Michael Gove has launched his bid to be the Conservative party leader, pitching himself as the candidate for change who will deliver on the British people’s desire to leave the European Union.
In his speech in Westminster the day after he put Boris Johnson out of the race, Gove claimed to be a man of conviction, rather than ambition, who only entered the contest at the last minute after concluding the former London mayor was unsuited to the job.
“I want this country I love – and which has given me so much – to embrace this opportunity for change with optimism and conviction,” the justice secretary said. “I never thought I’d ever be in this position.
“I did not want it, indeed I did almost everything not be a candidate for the leadership of this party. I was so very reluctant because I know my limitations. Whatever charisma is, I don’t have it, whatever glamour may be, I don’t think anyone could ever associate me with it.
“But at every step in my political life I’ve asked myself one question: what is the right thing to do? What does your heart tell you?”
Gove had agreed to chair Johnson’s campaign, but decided at midnight on Wednesday, just 12 hours before the deadline, to run himself.
That prompted Johnson to pull out of the race to replace David Cameron, who stepped down after failing to convince enough voters to choose to remain in the EU.
Some of Johnson’s backers are now on Gove’s campaign but others have expressed their anger at his betrayal and have chosen to back either his biggest rival, Theresa May, or fellow leave campaigner Andrea Leadsom.
Explaining his decision, Gove said: “I believed that Boris Johnson – who had campaigned alongside me with such energy and enthusiasm – could build and lead that team. I wanted that plan to work. I worked night and day for it. But I came to realise this week that, for all Boris’s formidable talents, he was not the right person for the task.
“That realisation meant that I once more faced a difficult decision. Could I recommend to friends, colleagues and the country a course in which I no longer believed? I could not. I had to stand up for my convictions. I had to stand up for a different course for this country. I had to stand for the leadership of this party.”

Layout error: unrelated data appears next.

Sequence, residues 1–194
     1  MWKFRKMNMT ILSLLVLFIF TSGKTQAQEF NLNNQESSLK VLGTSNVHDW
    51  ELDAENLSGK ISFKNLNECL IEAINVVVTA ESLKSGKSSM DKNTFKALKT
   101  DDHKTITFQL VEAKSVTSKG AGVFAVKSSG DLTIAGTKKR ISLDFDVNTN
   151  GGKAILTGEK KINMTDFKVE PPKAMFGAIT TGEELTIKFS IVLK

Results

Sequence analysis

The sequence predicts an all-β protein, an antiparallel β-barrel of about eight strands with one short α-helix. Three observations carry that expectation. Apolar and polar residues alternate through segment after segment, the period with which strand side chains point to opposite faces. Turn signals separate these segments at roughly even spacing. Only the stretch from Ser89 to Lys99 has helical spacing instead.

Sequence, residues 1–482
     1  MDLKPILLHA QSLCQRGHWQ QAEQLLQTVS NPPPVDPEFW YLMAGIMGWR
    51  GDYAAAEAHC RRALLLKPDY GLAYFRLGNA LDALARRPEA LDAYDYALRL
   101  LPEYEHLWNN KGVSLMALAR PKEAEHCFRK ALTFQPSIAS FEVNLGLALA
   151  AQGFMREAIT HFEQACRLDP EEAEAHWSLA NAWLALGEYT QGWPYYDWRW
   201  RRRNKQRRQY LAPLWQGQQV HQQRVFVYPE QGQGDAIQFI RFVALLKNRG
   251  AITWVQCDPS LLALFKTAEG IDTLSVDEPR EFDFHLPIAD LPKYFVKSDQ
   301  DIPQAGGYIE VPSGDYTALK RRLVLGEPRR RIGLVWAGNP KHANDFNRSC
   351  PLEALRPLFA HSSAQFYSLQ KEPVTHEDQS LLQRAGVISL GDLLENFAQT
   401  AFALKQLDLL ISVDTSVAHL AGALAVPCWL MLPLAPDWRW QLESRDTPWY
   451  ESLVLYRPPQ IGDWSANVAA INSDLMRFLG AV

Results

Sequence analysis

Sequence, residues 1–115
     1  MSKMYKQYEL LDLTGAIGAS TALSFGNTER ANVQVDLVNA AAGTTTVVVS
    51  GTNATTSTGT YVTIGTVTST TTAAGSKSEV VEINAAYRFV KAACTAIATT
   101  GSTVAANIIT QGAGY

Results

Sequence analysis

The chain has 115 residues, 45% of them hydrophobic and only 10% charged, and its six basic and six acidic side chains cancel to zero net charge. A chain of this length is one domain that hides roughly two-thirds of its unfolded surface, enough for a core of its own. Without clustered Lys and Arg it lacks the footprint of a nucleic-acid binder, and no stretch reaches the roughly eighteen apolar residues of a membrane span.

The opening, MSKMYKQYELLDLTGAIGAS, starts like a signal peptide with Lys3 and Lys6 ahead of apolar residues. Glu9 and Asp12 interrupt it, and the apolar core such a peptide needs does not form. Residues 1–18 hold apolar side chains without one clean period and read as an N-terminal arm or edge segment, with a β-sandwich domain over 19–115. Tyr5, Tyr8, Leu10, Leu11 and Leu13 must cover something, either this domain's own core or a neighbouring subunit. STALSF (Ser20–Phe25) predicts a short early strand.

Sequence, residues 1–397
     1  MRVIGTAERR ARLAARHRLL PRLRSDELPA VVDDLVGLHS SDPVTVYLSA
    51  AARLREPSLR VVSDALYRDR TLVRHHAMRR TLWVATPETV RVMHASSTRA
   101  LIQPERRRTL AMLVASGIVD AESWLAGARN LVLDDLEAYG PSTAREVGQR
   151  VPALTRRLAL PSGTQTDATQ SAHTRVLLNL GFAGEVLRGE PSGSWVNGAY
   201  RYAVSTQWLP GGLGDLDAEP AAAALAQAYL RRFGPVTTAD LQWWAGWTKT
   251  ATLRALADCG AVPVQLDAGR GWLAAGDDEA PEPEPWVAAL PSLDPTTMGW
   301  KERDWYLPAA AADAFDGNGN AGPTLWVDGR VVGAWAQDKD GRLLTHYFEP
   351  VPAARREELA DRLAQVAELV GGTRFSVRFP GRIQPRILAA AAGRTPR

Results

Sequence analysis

Gove went on to argue that it was essential the next prime minister was somebody who backed the leave campaign. His pitch may appeal to Conservative party members who are thought to have voted in large numbers to leave the EU.
Members will vote from a shortlist of two candidates chosen by MPs.
Amid accusations that some leave campaigners have resiled from pledges made during the campaign, he promised to stand by all the promises of the Vote Leave group, including another £100m a week for the NHS, an absolute end to freedom of movement, and a clear exit from the EU.
The key theme of Gove’s speech was embracing change, as he argued that the British people had opted for a different path.
He said the UK could muddle through or “lean in, embrace the change the British people voted for and shape it in our interests – facing the challenges of the days ahead with cool heads and making the most of the new opportunities open to us with resolute and daring hearts”.
In a final plea to his electorate, Gove said his bid was not a result of calculation but a “burning desire to transform our country”.
He said it was a wrench to part company with Cameron on the issue of the EU but politicians “were not paid to tend to their feelings”.
“I know I have the experience, the energy and, perhaps most importantly, the sense of urgency,” Gove said.
“Because away from Westminster there is a country where far too many people are denied the chance to write their own life story, to use their God-given talents and be the best they can be.”
He said it had been an “extraordinary, testing, momentous time for Britain” but he wanted to make it through “stronger and prouder”.